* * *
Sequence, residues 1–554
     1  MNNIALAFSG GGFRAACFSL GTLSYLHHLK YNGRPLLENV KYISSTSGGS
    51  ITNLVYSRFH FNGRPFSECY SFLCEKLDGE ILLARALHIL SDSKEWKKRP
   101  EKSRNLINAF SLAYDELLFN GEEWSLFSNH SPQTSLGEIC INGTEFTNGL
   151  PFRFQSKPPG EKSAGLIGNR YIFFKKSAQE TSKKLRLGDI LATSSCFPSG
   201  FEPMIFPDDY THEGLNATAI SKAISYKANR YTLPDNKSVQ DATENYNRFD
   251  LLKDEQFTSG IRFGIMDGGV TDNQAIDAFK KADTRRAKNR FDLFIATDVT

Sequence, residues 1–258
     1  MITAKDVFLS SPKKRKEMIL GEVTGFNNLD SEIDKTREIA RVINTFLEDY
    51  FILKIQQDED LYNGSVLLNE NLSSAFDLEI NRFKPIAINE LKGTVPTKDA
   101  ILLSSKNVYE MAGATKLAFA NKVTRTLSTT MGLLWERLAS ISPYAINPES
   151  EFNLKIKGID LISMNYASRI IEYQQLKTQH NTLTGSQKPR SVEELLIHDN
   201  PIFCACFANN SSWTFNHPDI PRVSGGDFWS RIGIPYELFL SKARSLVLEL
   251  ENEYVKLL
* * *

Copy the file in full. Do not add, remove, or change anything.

Sequence, residues 1–554
     1  MNNIALAFSG GGFRAACFSL GTLSYLHHLK YNGRPLLENV KYISSTSGGS
    51  ITNLVYSRFH FNGRPFSECY SFLCEKLDGE ILLARALHIL SDSKEWKKRP
   101  EKSRNLINAF SLAYDELLFN GEEWSLFSNH SPQTSLGEIC INGTEFTNGL
   151  PFRFQSKPPG EKSAGLIGNR YIFFKKSAQE TSKKLRLGDI LATSSCFPSG
   201  FEPMIFPDDY THEGLNATAI SKAISYKANR YTLPDNKSVQ DATENYNRFD
   251  LLKDEQFTSG IRFGIMDGGV TDNQAIDAFK KADTRRAKNR FDLFIATDVT

Sequence, residues 1–258
     1  MITAKDVFLS SPKKRKEMIL GEVTGFNNLD SEIDKTREIA RVINTFLEDY
    51  FILKIQQDED LYNGSVLLNE NLSSAFDLEI NRFKPIAINE LKGTVPTKDA
   101  ILLSSKNVYE MAGATKLAFA NKVTRTLSTT MGLLWERLAS ISPYAINPES
   151  EFNLKIKGID LISMNYASRI IEYQQLKTQH NTLTGSQKPR SVEELLIHDN
   201  PIFCACFANN SSWTFNHPDI PRVSGGDFWS RIGIPYELFL SKARSLVLEL
   251  ENEYVKLL